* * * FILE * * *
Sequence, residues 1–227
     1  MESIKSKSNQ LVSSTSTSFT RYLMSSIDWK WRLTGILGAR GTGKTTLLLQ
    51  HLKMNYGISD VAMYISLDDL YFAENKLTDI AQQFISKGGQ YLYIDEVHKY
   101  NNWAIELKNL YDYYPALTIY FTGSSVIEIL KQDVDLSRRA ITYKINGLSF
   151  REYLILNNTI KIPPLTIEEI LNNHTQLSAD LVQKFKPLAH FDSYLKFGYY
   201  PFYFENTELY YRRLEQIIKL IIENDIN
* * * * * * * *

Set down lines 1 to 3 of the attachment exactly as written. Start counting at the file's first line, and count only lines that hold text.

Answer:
Sequence, residues 1–227
     1  MESIKSKSNQ LVSSTSTSFT RYLMSSIDWK WRLTGILGAR GTGKTTLLLQ
    51  HLKMNYGISD VAMYISLDDL YFAENKLTDI AQQFISKGGQ YLYIDEVHKY